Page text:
SOUTHFIELD, Mich. -- It was his. It was actually his. The Stanley Cup belonged to Bryan Rust for the day Saturday because of his contribution to the Pittsburgh Penguins' championship.
So when he played a round of golf at Plum Hollow Country Club with family and friends, he did not leave it behind at the clubhouse. He did not strap it to his golf cart. He set it on the seat next to him and put his arm around it as they drove around the course, just the two of them, ahead of everyone else. He placed it on the tee box, on the green as a ball marker for a couple of holes, next to the pin on a par-3 to play "closest to the Cup."
At a private party on a patio afterward, he held it high over his head, like he did on the ice in San Jose in June, as people snapped pictures. He planned to take it back to the townhouse he shares with his older brother, Matt, in nearby Royal Oak, where they would put it on a coffee table and compete for it by playing "NHL 16" on Xbox One. Then they were going to take it out for a night on the town.
"I'm trying to have my hands on it as much as I can," Rust said.
If he could touch it, it was real.
"I think today it's really setting in," Rust said. "It's in my hands the whole day, and I'm the only one who can carry it around, and I'm the only one who can hold it up. It's definitely something that, as a kid, this is what you work for. Every day, every time you go to the rink, you think about winning the Stanley Cup. You're in the driveway, playing out the overtime of Game 7. I'm kind of at a loss for words thinking about it."
Rust grew up in the Detroit suburbs -- first Troy, then Bloomfield Hills, then Novi -- in a family that loved golf and hockey. When he was younger, he would go to a friend's house after school and play floor hockey in his basement until dinner. He would play street hockey on a cul-de-sac with a group of neighborhood kids. As the youngest, he would end up in net.
He and his brother loved video games too, as both rose through the hockey ranks, playing for USA Hockey's National Team Development Program in nearby Ann Arbor, getting drafted by NHL teams, going off to college.
Matt was picked by the Florida Panthers in the fourth round of the 2007 NHL Draft and played for four years at the University of Michigan. He was the first member of the family to join the Penguins organization. He played 43 games for Wilkes-Barre/Scranton of the American Hockey League in 2011-12. Now 27, he works in real estate finance. One of his projects is Little Caesars Arena, the new home of the Detroit Red Wings scheduled to open next year.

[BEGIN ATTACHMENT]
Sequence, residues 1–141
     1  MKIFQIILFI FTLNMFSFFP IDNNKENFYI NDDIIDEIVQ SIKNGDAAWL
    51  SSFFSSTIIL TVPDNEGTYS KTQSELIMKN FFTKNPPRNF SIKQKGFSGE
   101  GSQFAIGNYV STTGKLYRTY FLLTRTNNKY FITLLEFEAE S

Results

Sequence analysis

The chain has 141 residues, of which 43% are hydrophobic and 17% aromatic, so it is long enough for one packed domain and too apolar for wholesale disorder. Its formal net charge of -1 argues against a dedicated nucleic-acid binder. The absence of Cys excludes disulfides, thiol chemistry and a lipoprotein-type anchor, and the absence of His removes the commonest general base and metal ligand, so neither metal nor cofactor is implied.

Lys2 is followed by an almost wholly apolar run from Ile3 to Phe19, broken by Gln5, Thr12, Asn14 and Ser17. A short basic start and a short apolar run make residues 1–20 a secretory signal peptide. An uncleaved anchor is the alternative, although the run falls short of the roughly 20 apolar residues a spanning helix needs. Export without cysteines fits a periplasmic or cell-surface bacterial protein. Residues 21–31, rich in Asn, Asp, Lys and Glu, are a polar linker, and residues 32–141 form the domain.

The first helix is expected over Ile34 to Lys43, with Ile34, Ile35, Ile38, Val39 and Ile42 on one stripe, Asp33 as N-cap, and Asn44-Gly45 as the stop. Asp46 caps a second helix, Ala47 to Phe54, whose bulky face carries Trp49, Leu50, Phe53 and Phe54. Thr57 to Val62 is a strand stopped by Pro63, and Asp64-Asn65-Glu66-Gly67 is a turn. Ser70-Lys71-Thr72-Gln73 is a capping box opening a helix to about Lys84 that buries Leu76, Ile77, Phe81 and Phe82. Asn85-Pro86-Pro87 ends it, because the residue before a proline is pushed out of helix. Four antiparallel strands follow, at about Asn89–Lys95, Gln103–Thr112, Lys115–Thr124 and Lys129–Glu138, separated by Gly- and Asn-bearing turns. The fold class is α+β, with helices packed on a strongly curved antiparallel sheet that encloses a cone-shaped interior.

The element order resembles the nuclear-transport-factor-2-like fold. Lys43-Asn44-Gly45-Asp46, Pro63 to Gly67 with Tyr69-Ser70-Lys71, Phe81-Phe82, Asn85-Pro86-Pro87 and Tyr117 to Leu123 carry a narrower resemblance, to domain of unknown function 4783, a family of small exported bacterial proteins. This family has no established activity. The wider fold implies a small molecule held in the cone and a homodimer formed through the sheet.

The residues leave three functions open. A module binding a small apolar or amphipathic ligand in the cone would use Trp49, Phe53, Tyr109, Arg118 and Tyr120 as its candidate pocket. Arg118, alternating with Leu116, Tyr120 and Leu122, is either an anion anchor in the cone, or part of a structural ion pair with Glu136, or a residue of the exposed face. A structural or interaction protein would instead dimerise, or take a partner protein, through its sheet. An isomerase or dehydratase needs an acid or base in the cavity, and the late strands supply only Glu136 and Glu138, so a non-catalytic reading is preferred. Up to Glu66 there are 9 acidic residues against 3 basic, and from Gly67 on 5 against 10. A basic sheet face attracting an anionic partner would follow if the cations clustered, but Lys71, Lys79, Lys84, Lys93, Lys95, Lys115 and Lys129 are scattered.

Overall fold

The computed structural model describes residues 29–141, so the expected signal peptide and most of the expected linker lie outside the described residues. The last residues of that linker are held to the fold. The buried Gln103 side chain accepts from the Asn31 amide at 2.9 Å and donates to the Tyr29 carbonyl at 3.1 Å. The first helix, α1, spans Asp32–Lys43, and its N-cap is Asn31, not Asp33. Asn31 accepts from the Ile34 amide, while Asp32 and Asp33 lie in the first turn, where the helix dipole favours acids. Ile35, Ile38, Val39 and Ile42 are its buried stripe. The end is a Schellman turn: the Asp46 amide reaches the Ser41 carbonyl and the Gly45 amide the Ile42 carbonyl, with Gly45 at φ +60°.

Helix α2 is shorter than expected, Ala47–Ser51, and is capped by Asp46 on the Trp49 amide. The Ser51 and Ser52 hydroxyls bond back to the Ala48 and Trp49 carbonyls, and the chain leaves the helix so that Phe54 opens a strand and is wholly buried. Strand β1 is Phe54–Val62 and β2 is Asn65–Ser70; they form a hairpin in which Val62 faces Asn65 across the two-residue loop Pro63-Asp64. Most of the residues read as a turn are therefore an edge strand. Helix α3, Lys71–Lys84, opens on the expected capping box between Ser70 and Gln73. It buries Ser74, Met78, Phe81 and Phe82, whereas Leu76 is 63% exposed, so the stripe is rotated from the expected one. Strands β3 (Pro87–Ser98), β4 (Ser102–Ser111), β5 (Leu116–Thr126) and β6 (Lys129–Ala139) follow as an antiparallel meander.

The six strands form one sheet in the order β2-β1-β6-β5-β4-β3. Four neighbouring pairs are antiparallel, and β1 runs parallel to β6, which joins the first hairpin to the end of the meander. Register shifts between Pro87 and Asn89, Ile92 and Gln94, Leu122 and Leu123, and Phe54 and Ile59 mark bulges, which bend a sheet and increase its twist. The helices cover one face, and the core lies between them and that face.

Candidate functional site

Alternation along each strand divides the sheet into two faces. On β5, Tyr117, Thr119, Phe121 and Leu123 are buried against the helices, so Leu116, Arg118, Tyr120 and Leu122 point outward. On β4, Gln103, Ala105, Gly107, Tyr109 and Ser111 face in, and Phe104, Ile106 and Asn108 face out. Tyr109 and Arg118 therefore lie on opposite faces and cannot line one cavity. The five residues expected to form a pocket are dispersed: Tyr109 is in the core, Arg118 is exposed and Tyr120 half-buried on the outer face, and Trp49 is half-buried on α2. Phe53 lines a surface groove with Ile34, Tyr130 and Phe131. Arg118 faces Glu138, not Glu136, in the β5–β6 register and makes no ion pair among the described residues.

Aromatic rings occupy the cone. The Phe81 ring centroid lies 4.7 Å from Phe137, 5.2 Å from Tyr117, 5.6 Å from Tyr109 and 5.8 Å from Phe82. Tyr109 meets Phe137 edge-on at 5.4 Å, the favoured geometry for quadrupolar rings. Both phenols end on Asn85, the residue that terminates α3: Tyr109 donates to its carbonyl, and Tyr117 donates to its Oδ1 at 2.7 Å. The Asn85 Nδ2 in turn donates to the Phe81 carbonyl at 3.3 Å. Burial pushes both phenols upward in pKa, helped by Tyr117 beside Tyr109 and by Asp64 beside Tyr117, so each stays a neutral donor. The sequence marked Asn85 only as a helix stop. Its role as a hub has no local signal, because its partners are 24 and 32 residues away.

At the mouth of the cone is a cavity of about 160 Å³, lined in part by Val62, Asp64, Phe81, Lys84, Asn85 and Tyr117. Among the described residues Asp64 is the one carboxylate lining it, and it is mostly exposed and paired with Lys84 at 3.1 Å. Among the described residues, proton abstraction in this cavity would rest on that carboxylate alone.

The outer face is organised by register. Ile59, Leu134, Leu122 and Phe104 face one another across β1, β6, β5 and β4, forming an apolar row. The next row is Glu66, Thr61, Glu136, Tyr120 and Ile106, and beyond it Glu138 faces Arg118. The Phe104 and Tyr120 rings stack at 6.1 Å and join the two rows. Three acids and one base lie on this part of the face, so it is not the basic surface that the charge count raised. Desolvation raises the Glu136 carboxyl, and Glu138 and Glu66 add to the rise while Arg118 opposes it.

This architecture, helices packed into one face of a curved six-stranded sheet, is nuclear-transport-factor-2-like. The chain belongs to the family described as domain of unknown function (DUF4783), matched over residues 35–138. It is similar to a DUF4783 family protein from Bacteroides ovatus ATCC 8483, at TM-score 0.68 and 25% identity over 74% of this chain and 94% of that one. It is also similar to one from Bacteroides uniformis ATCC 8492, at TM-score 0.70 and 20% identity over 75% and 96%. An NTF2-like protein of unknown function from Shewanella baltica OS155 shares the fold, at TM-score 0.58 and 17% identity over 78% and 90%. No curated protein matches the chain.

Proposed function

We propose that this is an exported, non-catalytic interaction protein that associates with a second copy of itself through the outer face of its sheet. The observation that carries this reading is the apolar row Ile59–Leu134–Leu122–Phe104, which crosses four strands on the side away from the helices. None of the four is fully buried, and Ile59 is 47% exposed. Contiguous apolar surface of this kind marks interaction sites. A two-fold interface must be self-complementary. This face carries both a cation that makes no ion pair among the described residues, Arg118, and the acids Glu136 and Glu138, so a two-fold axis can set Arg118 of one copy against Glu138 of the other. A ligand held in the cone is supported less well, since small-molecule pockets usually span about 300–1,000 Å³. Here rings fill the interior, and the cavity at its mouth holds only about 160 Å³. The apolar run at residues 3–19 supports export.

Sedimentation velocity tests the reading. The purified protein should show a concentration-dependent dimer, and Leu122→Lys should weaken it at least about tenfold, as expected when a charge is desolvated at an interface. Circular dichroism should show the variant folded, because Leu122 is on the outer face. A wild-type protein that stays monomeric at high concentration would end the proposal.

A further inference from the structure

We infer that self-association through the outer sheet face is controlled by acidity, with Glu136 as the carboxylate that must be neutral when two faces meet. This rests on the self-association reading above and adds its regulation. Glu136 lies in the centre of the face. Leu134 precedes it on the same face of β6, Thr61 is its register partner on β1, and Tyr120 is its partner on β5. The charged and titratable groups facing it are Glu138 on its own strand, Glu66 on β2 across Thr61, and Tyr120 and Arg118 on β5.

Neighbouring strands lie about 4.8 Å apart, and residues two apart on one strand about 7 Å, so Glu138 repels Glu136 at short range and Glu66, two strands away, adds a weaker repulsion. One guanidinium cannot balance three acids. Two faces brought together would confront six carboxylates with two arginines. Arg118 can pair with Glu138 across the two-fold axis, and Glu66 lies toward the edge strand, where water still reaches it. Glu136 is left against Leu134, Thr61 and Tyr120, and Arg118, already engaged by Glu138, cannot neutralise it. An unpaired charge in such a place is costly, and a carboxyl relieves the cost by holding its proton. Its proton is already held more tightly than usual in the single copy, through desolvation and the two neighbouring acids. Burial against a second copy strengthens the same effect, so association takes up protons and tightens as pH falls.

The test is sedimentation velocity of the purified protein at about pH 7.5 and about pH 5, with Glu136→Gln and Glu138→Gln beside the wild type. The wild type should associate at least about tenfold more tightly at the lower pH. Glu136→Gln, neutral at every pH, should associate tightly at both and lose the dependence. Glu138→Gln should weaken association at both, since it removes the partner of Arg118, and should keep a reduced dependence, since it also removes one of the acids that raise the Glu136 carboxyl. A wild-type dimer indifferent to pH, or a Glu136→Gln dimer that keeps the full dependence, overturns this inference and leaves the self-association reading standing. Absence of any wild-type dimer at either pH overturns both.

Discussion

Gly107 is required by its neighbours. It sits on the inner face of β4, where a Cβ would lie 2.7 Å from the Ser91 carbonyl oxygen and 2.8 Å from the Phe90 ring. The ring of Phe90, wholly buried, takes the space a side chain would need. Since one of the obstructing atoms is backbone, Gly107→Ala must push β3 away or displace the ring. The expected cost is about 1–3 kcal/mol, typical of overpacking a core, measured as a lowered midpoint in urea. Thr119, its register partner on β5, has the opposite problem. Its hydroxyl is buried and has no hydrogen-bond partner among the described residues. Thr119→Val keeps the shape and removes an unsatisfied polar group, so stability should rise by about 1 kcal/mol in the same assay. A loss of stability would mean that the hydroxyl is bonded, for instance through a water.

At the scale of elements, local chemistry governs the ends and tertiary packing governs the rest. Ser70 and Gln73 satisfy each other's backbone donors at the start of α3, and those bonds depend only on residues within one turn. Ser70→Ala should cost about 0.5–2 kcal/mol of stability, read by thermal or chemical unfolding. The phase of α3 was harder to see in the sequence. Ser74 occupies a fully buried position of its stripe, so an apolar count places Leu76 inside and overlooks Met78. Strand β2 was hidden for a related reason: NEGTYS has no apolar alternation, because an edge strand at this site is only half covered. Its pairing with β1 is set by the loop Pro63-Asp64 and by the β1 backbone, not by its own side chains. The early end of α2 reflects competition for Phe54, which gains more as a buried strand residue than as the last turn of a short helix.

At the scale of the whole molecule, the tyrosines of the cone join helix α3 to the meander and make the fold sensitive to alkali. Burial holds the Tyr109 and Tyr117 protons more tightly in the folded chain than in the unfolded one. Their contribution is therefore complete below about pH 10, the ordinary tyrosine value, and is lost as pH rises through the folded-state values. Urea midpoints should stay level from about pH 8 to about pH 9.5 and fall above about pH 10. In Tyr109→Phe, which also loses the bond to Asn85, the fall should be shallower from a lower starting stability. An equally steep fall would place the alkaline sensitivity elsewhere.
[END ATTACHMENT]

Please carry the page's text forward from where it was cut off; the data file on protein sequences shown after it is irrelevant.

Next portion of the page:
Bryan, now 24, was chosen by the Penguins in the third round of the 2010 NHL Draft and played four years at Notre Dame. He played for Wilkes-Barre/Scranton and became the first member of the family to make the NHL when he played 14 games for Pittsburgh in 2014-15.
But winning the Stanley Cup?
"At this time last year, it was still a dream," Bryan said. "It wasn't an attainable goal quite yet."
Bryan didn't make the NHL out of training camp last season. He went to the AHL for a couple of games, got called up and played five games, then got injured and was sent back down. But when he got called up again on Jan. 7, he stayed for good. The Penguins had promoted coach Mike Sullivan from the AHL, and Sullivan wanted to play to their strengths of speed and skill. He knew what Rust could do.
He was linemates with players he and his brother used to play on video games: Evgeni Malkin, Chris Kunitz. After four goals and seven assists in 41 regular-season games, Rust had six goals and three assists in 23 Stanley Cup Playoff games. He scored twice in the second period in Game 7 of the Eastern Conference Final against the Tampa Bay Lightning.
Video: TBL@PIT, Gm7: Rust bangs rebound past Vasilevskiy
"I watched the last few minutes from the concourse with an usher, a wonderful woman who held my hand with me," said Betsy Rust, Bryan's mother. "I was so proud of how he had played that game, but I knew it would be only important if they won."
Rust's goals were the difference in a 2-1 win, and he scored the first goal of the Stanley Cup Final against the San Jose Sharks, giving him four in three games.
"My brother and I joke about it all the time," Matt said. "We played an endless amount of 'NHL' on Xbox, and just the fact that we're driving around today with the Stanley Cup in a golf cart, it's outrageous. It's extra special for me obviously, just because I was close to it and I didn't quite make it. So you know, I don't miss a game. Every time he's on the ice, I'm there with him."
The Rust family holds an annual golf competition called the "Rust Family Open." This year, they were scheduled to go to Whistling Straits in Sheboygan, Wis., home of the 2015 PGA Championship and the 2020 Ryder Cup. Problem was, they were scheduled to go in mid-June.
"It was OK to cancel that trip," Bryan said with a smile.
The Rusts ended up playing the Open a couple of weeks ago near the family place in Oscoda in northern Michigan, and when they played Saturday at Plum Hollow, where they have been members for years, they had a special guest, hosted a celebration, and took donations for ALS research in honor of Peter Viviano, Bryan's maternal grandfather, who died before Bryan was born.
"We can believe that it really happened," Steve Rust, Bryan's father, said of winning the Cup. "Would anybody have predicted it a year ago? Probably not. Certainly not at the beginning of the season. But somehow he figured it out, as he describes it to us. He figured it out, and everything had gone pretty well. Obviously the Stanley Cup is incredible."